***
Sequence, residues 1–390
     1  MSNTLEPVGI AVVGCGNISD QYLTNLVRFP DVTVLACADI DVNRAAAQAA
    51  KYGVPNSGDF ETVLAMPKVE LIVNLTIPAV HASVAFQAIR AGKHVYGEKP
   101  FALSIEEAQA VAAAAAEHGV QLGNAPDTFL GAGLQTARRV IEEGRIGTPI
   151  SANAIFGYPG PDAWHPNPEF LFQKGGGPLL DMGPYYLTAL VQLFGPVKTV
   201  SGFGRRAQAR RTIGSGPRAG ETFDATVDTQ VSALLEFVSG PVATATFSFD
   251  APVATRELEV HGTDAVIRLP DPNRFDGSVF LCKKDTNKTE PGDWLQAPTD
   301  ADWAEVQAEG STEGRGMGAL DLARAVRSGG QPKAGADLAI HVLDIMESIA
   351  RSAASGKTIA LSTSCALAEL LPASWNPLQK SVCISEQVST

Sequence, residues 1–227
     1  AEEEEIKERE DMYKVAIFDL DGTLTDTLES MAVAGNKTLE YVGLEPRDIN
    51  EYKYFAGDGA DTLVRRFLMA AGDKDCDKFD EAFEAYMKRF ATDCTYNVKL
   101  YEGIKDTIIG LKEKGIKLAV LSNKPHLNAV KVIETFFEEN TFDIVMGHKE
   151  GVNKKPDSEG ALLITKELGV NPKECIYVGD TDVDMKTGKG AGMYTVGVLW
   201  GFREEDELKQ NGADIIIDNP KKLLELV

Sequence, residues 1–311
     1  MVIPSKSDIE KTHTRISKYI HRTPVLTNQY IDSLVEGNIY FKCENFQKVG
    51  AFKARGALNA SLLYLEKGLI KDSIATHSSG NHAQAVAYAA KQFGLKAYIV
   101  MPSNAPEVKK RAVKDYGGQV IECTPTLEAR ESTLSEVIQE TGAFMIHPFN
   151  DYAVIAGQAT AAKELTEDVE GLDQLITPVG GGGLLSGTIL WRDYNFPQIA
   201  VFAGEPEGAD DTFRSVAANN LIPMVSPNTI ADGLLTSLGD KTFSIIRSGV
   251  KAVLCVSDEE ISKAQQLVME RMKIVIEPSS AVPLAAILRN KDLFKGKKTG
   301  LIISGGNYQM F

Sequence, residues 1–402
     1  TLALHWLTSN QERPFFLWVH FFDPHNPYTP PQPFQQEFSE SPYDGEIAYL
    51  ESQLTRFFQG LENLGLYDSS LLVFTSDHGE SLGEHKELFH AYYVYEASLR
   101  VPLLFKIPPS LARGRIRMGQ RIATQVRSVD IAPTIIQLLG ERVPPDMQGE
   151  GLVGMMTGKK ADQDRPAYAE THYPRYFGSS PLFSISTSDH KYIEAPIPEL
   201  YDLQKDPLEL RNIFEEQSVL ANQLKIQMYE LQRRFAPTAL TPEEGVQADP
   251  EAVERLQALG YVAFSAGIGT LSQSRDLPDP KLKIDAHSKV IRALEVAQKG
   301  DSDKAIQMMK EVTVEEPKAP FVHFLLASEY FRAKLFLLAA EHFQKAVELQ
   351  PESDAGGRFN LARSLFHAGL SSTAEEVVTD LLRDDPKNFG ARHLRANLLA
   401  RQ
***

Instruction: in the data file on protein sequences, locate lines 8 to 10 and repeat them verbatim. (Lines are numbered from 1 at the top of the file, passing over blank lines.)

   301  ADWAEVQAEG STEGRGMGAL DLARAVRSGG QPKAGADLAI HVLDIMESIA
   351  RSAASGKTIA LSTSCALAEL LPASWNPLQK SVCISEQVST

Sequence, residues 1–227